Posted by Tom on Nov 27, 2014
On Monday we blogged about an upcoming update for the Nosy Crow Jigsaws app, with a big new feature… and today it’s available on the App Store!
As well as featuring hundreds of ready-made jigsaws using beautiful artwork from our books and apps, the new version of the app also allows you to make jigsaws from ANY of your own photos. Any images saved in the Camera Roll of your iPad or iPhone can be turned into jigsaws and used like any of the existing artwork in the app – you can turn your pictures into puzzles from 4 to 300 pieces.
The new feature is available as an in-app purchase for $4.99/ £2.99 – and once you’ve unlocked it, you can make unlimited jigsaws from your photos. To unlock the new feature, navigate to the Make a Purchase menu accessible from the icon that appears in the top right of the screen once you’ve selected any jigsaw.
We’re incredibly excited about this new feature: now you can turn your holiday snaps, your children’s artwork, and your favourite family photos into jigsaws to share and play with – it’s lots of fun. And you can share the jigsaws you’ve made on Twitter, Facebook, and by email with our integrated Social Share options – we’d love to see what jigsaws you’ve created, so do send us yours to @NosyCrowApps on Twitter or on our Facebook page!
Here’s a quick look at the new feature:
You can download Nosy Crow Jigsaws from the App Store here – we hope you enjoy the app!
Posted by Kate on Nov 26, 2014
Yesterday, I wrote about winning the Young Company of the Year award at the Growing Business Awards. It’s one of those moments when you feel – really – privileged to be part of a community of small business owners and managers, and when you’re struck by the enthusiasm and expertise they bring to things that might not seem in any way glamorous or even interesting.
Running a small business can be great, and days when you win awards make you love it unreservedly. I am happier owning and managing a small, independent business than I was working for a conglomerate. But when I think about running a small business the image that comes into my head is often one of swimming. I say “image” but it is sort of more of a feeling. I feel, as, as I think about the day ahead, or the business trip ahead, or the meeting or presentation ahead, that it’s going to be like swimming in the sea off the UK. It’s something I’ve 100% chosen to do, it’s challenging and it’s exhilarating, but it’s quite cold, and a little bit dangerous, and I have a sense of being in an element I can’t entirely know or predict. It’s an effort, but it probably looks less effortful from a distance. There are waves, some bigger than others, and there are currents to negotiate, and sometimes it’s hard to keep sight of land or where I am going.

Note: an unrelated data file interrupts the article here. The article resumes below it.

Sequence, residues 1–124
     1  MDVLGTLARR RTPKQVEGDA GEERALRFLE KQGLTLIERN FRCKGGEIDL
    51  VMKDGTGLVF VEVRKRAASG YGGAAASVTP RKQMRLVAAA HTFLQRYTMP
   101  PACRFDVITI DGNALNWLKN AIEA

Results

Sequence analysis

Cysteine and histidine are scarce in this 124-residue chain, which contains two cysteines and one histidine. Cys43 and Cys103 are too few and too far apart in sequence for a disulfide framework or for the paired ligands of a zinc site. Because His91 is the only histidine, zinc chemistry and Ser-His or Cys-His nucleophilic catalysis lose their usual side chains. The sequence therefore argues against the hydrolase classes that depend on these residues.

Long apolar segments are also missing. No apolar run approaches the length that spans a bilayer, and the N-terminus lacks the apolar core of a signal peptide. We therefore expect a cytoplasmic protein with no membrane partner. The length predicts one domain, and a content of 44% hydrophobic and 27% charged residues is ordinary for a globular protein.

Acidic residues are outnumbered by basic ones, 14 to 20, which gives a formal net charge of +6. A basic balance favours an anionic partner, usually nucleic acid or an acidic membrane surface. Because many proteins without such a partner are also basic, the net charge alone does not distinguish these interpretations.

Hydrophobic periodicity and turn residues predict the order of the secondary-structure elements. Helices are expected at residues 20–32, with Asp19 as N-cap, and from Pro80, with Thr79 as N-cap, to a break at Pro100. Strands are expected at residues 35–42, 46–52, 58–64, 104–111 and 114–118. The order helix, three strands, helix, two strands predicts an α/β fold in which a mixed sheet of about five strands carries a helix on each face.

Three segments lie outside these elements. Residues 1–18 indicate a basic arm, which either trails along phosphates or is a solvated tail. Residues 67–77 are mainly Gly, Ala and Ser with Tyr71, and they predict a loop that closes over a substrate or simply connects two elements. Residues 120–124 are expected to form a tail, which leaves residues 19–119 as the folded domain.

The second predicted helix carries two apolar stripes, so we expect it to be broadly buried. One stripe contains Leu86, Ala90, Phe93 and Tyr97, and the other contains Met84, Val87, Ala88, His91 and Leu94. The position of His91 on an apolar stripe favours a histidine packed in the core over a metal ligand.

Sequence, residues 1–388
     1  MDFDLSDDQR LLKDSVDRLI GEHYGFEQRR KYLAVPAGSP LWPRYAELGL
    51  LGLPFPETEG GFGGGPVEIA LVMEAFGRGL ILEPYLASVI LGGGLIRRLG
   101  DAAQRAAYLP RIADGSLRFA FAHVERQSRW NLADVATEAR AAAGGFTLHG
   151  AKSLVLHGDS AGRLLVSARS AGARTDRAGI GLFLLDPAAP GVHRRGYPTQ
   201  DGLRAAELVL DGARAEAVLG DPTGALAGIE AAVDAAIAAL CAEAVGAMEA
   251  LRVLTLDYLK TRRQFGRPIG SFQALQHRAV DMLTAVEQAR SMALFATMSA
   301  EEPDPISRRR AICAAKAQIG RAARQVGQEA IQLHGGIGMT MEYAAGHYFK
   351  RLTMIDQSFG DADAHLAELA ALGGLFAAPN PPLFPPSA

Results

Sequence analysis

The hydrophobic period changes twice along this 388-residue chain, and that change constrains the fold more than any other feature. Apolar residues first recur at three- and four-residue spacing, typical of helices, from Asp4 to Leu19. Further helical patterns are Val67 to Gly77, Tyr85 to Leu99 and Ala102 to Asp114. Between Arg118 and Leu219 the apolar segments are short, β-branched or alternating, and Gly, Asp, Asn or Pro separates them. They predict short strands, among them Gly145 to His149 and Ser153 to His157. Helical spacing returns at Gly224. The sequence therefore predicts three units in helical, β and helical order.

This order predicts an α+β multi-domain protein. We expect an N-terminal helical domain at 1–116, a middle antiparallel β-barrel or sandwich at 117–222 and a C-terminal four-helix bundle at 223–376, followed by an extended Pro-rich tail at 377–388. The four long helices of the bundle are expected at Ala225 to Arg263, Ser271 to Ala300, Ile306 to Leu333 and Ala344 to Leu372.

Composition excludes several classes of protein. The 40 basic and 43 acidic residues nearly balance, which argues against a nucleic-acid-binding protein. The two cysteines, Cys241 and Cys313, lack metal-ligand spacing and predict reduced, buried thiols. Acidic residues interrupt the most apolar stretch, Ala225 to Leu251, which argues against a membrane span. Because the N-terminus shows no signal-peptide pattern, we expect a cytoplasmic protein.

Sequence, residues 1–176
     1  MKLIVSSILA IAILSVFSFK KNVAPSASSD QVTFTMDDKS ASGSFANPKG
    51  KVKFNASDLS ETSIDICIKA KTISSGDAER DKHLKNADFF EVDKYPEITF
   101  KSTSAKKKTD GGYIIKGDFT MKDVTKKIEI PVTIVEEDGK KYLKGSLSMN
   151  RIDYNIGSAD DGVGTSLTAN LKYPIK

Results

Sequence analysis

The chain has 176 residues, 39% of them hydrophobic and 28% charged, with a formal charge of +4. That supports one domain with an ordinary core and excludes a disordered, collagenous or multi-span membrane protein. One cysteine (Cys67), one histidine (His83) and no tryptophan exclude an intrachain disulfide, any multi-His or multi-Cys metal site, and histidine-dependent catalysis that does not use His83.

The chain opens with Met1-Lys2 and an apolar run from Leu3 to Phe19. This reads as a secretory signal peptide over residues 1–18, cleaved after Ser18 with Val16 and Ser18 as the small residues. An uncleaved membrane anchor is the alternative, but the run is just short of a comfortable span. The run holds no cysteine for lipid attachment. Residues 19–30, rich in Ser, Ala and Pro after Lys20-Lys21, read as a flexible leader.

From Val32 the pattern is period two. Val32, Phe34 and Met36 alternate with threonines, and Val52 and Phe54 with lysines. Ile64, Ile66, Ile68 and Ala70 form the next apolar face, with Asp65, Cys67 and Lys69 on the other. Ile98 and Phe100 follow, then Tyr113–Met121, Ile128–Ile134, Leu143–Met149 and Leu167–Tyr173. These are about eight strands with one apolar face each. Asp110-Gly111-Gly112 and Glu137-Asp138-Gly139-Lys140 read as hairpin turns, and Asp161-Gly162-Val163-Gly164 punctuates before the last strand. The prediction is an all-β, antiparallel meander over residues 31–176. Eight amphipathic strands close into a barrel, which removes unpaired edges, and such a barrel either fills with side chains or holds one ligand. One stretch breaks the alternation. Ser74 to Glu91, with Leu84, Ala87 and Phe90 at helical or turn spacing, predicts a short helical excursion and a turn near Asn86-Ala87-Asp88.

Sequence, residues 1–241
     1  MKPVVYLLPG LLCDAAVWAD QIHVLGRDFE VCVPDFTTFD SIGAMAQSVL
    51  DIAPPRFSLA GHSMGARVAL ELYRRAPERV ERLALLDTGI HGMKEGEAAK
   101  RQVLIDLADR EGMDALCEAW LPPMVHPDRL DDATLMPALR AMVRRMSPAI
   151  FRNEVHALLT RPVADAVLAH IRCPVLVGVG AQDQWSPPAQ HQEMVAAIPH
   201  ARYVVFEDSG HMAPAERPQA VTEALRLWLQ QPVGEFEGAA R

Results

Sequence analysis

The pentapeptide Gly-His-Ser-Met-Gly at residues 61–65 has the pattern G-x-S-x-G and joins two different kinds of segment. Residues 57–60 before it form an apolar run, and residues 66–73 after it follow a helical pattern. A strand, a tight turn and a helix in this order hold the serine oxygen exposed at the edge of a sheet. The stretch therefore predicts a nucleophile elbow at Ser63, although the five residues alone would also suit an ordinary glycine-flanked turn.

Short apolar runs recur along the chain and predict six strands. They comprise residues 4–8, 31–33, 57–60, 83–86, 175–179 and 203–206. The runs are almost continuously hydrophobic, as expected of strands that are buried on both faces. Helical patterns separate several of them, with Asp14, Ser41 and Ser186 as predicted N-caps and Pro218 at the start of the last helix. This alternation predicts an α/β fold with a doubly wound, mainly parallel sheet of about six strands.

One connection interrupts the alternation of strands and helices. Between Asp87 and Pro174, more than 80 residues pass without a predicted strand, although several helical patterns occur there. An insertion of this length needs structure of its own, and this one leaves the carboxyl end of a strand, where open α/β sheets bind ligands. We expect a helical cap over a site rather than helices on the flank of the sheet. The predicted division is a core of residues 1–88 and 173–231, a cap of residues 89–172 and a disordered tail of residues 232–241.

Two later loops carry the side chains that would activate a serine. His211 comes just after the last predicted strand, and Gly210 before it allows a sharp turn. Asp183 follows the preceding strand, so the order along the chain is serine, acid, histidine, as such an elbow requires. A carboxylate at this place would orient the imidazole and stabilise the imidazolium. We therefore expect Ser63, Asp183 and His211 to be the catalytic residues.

In explaining this, I am making it seem much more of an intellectual metaphor than it seems to me to be when the image/feeling comes into my head. At the time, I just think of myself as doggedly swimming and don’t deconstruct the image/feeling at all.
The image/feeling is about persistence, of course. And, though I am not a huge fan of motivational quotes, I do like this from Winston Churchill: “Success is not final, failure is not fatal: it is the courage to continue that counts.” When we talk about Nosy Crow’s business in our blog posts, we inevitably talk a lot about the good bits of running a small independent publishing business: the books we’ve managed to acquire; the deals done; the high sales ranking; the prizes won. We don’t, really, talk about our failures, disappointments and annoyances. But, big and small, they happen: times that sales don’t meet our hopes or even our expectations; times when books emerge from production late or faulty; the times that cash is really tight; the times that the author or illustrator can’t (or, infrequently, won’t) make the changes to the book that we believe would make it even better; the promotional slots we aim for but don’t get; the experienced and great picture book designers we look for but can’t find to employ; the constant battle with the publishing schedule and the need to move books and apps because we don’t have finished material when we hoped we would; the emails from editors outside the UK telling us that, despite their enthusiasm for the project at Frankfurt, they’ve been unable to persuade their sales team to take on one of our books in translation; the handful of books that, despite our enthusiasm, get sold to another publisher; the times we don’t win the award.